Engine 260 was a “Mogul”-type and was manufactured in 1928 by Baldwin. It was a 2-6-0 and would be known as the Lilly Belle. The fourth engine, a 4-4-0 was built in 1916. It would take guests on the Grand Circle Tour as the Roy O. Disney. A fifth engine was purchased but it would not be added to the Magic Kingdom fleet. It was a 2-6-0 built by the Pittsburgh Locomotive Works in 1902. Each of the four engines costs $8,000 each; the Mexican Government sold the fifth one for $750 if Broggie and Vilmer paid to have it moved. When the engine was moved, it was damaged considerably, which may have led to it not being used. Broggie mentions that the Mexican Government threw in “brass bells, whistles, light housings, and other fittings” for free. They had run into a large pile of cast-offs and took as much as they could4.

Bringing the Engines Home

Finishing an engine at the Tampa Bay facility7.

To ship the engines to the Tampa Bay shipyard across the Gulf of Mexico via Mississippi barges turned out to be fairly expensive, even though the trip was only 700 miles. Roger found out that it would cost three times as much to ship over water as opposed to a rail journey of 2000 miles. Two shotgun-armed guards rode with the train until it reached the border5. When the engines reached their destination at the Tampa Ship Repair and Dry Dock Company, they were put under the care of George Britton, a machinist who would eventually become the roundhouse foreman at Walt Disney World. Bob Harpur, who had known Walt Disney in California through model railroading, was hired as the project engineer and he found himself working for Transportation Superintendent Earl Vilmer6.

The Imagineers designed the 20 excursion cars  after the RETLAW 1, the original passenger car at Disneyland.  The cars were built from scratch at the Tampa Shipyard and were designed to load much quicker and easier than their Disneyland counterparts. The excursion cars resemble the Narragansett-style coaches from Disneyland; they are 40 feet long with 15 benches and can carry 75 passengers8.

Transporting an engine to the Magic Kingdom9.
Excursion cars pre-1979 on the Grand Circle Tour10.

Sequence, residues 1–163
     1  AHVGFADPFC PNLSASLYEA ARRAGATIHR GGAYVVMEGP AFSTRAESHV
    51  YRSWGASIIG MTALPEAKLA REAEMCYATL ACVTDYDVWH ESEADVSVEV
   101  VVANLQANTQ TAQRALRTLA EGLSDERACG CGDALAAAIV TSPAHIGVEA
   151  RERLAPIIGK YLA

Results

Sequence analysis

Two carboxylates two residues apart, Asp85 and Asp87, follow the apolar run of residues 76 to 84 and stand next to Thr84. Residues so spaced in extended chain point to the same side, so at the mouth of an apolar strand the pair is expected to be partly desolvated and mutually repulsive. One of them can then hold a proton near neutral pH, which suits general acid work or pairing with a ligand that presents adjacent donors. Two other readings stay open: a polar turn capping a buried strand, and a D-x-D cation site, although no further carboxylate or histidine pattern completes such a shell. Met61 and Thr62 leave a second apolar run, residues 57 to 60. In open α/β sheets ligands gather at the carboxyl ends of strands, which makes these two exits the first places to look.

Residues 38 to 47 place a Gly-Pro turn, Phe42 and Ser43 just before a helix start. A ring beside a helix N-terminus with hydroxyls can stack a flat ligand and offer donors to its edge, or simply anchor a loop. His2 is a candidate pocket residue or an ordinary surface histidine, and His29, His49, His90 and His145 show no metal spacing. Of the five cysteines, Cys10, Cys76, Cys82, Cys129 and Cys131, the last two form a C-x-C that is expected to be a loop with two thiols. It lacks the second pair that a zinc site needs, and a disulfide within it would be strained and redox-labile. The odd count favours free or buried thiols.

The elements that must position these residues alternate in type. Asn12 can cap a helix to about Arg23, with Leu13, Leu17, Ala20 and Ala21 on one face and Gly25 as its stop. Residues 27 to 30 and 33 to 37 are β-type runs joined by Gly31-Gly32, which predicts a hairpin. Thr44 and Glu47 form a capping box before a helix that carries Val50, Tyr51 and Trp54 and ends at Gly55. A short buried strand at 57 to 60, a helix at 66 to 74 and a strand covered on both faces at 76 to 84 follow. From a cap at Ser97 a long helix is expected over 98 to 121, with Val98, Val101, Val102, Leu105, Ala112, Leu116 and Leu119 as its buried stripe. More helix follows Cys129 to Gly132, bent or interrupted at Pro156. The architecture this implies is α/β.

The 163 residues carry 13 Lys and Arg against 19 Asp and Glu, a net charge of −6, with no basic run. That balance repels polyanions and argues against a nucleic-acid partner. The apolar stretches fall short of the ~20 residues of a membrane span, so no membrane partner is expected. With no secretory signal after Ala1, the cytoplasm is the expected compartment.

Engines in Service

The steam trains were the first attraction completed for the Magic Kingdom. The Lilly Belle was the first engine completed and delivered to the park. The Walter E. Disney, the Lilly Belle and the Roger E. Broggie were all in service on October 1, 1971. The Roy O. Disney started on December, 1, 1971 and the Ward Kimball began service on March 1, 199711. Bill Norred, a railroad equipment collector wanted to buy the five RETLAW 1 coaches that had been in service at Disneyland. Disney Management offered the coaches in return for a Forney-style 0-4-2T built by the Davenport Locomotive Works. Norred had the engine rebuilt as a 2-4-4T. The Disneyland Railroad wanted to use it while the Disneyland engines were being refurbished. Instead, it went to Walt Disney World and was named the Ward Kimball. It was put in use while the Lilly Belle was refurbished12.

*Completely made up statistic. Arguably, it would be five out of five Disney historians.
1Michael Broggie, Walt Disney’s Railroad Story (Virginia Beach, Virginia: Donning Company Publishers,  1998), 317, 319, 320.
2Walt Disney Company, Walt Disney World, (Disney’s Kingdom Editions, 1993), 18.
3Broggie, Walt Disney’s Railroad Story, 320.
4Broggie, Walt Disney’s Railroad Story, 321, 323.
5Broggie, Walt Disney’s Railroad Story, 325.
6Broggie, Walt Disney’s Railroad Story, 327, 329.
7Walt Disney Productions, Walt Disney World: the First Decade (1982), 21.
8Broggie, Walt Disney’s Railroad Story, 331.
9Walt Disney Productions, Walt Disney World: the First Decade, 21.
10Valerie Childs, the Magic of Disneyland and Walt Disney World, (New York City, Mayflower Books, 1979), unpaginated.
11Broggie, Walt Disney’s Railroad Story, 331, 333.
12Broggie, Walt Disney’s Railroad Story, 278.

6 thoughts on “Walt Disney World Railroad, a History

  1. “Completely made up statistic. Arguably, it would be five out of five Disney historians.”

    I had to check your source because I definitely thought it would be closer to five out of five than four out of five!